• Raymond should be played by Chris O’Dowd – as the setting will undoubtedly be moved to New York or L.A., just make him Irish and he’ll be exactly the character he was on The IT Crowd and that will be perfect.

This is a quick and reasonably entertaining read, but the more I thought about it the less it convinced me.
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Reading Progress

February 8, 2017 – Shelved
February 8, 2017 – Shelved as: to-read
July 13, 2017 – Shelved as: other-giveaway-win
July 21, 2017 – Started Reading
July 27, 2017 – Shelved as: mental-health
July 27, 2017 – Finished Reading

Comments Showing 1-31 of 31 (31 new)

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Caroline Excellent review, Rebecca. I didn't finish the book, but I felt just the same as you for the parts I did read.


Rebecca It was such a (strangely) breezy read that I never felt stalled, but when I got to the end it definitely didn't feel worth all those pages. A case of not living up to the hype.


Kevin Ansbro Love the honesty, Rebecca. Terrific review.
I was considering this as one of my reads for a forthcoming holiday (it was recommended to me), but I've noticed too many reviews where the reader has been left underwhelmed.


Gina I loved AJ Fikry but couldn't stand Don Tillman. Perhaps this is why I am not a fan of this book?


Jackie (Farm Lane Books) Yes! I agree with so much you've written! I was so annoyed about all the autistic traits that I hadn't even noticed the issues with her getting her hair done to become 'accepted'. You're so right to rant about that!!!


Rebecca Jackie (Farm Lane Books) wrote: "Yes! I agree with so much you've written! I was so annoyed about all the autistic traits that I hadn't even noticed the issues with her getting her hair done to become 'accepted'."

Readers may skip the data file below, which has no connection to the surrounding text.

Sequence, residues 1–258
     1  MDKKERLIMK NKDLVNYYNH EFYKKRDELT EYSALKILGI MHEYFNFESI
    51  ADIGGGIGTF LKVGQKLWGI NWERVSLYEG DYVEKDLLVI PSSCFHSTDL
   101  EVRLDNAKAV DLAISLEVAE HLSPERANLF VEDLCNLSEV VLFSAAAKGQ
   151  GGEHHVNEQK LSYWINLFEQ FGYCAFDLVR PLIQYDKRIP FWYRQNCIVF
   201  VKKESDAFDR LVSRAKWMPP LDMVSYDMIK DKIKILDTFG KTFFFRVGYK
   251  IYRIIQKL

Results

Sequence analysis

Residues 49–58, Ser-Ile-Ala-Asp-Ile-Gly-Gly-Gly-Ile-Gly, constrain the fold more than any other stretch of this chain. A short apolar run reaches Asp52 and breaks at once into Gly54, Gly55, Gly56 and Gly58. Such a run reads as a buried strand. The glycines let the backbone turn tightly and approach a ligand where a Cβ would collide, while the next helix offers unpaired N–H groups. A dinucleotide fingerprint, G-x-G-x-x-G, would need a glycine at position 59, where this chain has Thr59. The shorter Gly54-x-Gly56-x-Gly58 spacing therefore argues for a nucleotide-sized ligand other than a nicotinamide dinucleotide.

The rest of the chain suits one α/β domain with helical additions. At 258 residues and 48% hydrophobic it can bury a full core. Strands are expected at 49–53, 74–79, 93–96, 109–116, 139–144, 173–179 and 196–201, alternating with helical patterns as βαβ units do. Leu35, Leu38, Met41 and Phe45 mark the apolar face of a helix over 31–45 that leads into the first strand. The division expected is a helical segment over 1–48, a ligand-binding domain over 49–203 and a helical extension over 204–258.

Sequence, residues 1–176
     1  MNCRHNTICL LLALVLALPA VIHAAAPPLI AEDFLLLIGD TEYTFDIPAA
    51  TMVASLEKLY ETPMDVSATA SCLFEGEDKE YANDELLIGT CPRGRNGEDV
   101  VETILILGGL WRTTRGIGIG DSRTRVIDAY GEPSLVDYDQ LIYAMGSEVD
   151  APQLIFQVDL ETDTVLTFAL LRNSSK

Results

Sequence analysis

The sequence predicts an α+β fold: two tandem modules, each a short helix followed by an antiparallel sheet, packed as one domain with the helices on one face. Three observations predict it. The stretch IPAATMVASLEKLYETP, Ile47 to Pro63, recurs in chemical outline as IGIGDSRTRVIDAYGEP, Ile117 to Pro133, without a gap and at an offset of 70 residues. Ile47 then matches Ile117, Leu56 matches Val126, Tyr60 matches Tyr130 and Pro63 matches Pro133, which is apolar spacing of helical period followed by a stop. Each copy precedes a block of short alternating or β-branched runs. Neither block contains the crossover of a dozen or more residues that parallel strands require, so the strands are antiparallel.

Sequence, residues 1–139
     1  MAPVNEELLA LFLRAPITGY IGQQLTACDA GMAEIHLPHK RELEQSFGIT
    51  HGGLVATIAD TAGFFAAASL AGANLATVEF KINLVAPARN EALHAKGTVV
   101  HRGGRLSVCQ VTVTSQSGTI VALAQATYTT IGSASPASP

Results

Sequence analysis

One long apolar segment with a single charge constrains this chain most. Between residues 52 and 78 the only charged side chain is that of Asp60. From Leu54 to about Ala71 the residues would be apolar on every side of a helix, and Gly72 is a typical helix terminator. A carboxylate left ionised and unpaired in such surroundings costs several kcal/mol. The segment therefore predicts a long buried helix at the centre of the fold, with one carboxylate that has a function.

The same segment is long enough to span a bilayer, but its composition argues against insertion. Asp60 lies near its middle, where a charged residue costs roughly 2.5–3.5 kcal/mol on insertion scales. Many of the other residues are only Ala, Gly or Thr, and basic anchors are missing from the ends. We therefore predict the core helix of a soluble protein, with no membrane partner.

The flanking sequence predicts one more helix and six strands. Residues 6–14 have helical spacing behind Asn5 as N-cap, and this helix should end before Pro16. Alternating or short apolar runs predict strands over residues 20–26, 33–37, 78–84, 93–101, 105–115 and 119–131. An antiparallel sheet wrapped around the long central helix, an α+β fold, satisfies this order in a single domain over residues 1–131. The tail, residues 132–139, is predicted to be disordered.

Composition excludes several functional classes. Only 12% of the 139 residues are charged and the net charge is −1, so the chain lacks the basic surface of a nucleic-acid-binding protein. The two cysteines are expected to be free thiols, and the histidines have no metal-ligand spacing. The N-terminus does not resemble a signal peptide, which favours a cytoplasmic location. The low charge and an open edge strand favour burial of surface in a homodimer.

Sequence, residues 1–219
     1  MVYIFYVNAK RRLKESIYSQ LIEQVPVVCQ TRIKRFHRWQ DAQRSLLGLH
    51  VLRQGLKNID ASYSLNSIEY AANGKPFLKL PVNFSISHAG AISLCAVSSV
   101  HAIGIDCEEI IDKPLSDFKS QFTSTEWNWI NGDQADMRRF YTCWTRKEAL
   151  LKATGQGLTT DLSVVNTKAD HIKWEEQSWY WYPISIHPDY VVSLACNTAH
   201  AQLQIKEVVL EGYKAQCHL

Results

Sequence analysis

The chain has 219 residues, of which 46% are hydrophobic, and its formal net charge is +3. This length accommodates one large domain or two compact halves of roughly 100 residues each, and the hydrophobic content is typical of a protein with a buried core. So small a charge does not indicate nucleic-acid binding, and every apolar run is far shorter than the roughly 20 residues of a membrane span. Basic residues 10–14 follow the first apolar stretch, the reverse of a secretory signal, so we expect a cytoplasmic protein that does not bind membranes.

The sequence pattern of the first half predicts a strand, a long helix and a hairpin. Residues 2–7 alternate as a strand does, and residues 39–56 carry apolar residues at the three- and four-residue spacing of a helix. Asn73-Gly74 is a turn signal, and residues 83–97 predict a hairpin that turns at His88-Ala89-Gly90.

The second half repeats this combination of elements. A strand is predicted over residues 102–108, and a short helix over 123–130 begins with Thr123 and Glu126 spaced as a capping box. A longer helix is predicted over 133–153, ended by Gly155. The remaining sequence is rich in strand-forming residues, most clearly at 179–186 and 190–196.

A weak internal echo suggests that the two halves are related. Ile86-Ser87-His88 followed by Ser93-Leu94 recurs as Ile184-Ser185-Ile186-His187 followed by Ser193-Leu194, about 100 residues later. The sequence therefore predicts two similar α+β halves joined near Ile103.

But you gave it 4 stars? :)


Jackie (Farm Lane Books) Yes, I really struggled to rate it. I was annoyed by a lot of it, but I was engaged throughout. I've sort of come to the conclusion that books which enrage me are doing something right - so many books just bore me!


Michelle21 Agreed with all your points


Roger Brunyate After working through all those 5-star reviews and mostly agreeing, but still having reservations, it was refreshing to come to your two stars and mostly agree, but still feel more generous. Oddly enough, I got more appreciation from the points you praise in your negative review than I did from any of the positive ones.

Too Brit a book? I don't think so. And the foreignness (for Americans) is part of its charm. But, as a former resident of Glasgow's West End, I was disappointed that the book was not more Glasgow-specific; really, it could have been set anywhere.

And when did Bulmers become Magners? Anyway, the point is that EO does not recognize the word at all, and so realize it is just cider. I didn't, and the revelation was a pleasant Aha moment. Roger.


Rebecca Roger wrote: "I was disappointed that the book was not more Glasgow-specific; really, it could have been set anywhere."

I would tend to agree -- I've been to Glasgow (just for one day) and nothing felt familiar.

Roger wrote: "And when did Bulmers become Magners?"

They coexist, as far as I'm aware, and have done for 10+ years. Magners is an extremely popular brand, such that I'd expect anyone to at least have heard of it even if they hadn't tried it. But then again, cider is my pub drink of choice!

And now Costa debut novel of the year. I struggle to understand why just about everyone has loved this book. I know what the author is aiming for -- heartwarming transformation out of terrible tragedy -- but I had too many misgivings.


Roger Brunyate Eleanor makes several journeys by underground. But anyone who has been there knows that it is a very special experience, in miniature trains that are almost impossible to stand up in if you're at all tall. Not that I expected a detailed description, but the experience is surely one that Eleanor would have had a comment about!




Rebecca Ah, neat! We didn't use that while we were there.


message 13: by Catherine (last edited Jan 09, 2018 10:41AM) (new) - rated it 3 stars

Catherine Gina wrote: "I loved AJ Fikry but couldn't stand Don Tillman. Perhaps this is why I am not a fan of this book?"

I loved Don Tillman, but wasn't impressed by AJ Fikry.

Great review, Rebecca!

Now I'm a bit tentative about this book, but I'll give it a try.